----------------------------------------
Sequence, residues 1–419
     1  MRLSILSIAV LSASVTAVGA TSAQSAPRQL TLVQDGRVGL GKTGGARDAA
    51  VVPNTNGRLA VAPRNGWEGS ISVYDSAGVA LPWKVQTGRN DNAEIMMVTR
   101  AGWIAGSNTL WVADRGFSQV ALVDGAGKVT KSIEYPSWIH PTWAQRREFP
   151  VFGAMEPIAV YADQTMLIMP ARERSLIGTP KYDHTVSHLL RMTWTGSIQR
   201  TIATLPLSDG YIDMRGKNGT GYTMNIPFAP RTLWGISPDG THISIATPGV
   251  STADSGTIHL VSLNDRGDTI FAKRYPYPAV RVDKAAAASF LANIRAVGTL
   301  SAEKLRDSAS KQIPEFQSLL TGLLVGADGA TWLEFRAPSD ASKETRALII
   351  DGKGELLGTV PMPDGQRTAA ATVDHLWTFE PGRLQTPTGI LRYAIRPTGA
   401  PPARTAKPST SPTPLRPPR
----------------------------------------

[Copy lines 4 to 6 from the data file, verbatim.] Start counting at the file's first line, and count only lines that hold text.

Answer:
   101  AGWIAGSNTL WVADRGFSQV ALVDGAGKVT KSIEYPSWIH PTWAQRREFP
   151  VFGAMEPIAV YADQTMLIMP ARERSLIGTP KYDHTVSHLL RMTWTGSIQR
   201  TIATLPLSDG YIDMRGKNGT GYTMNIPFAP RTLWGISPDG THISIATPGV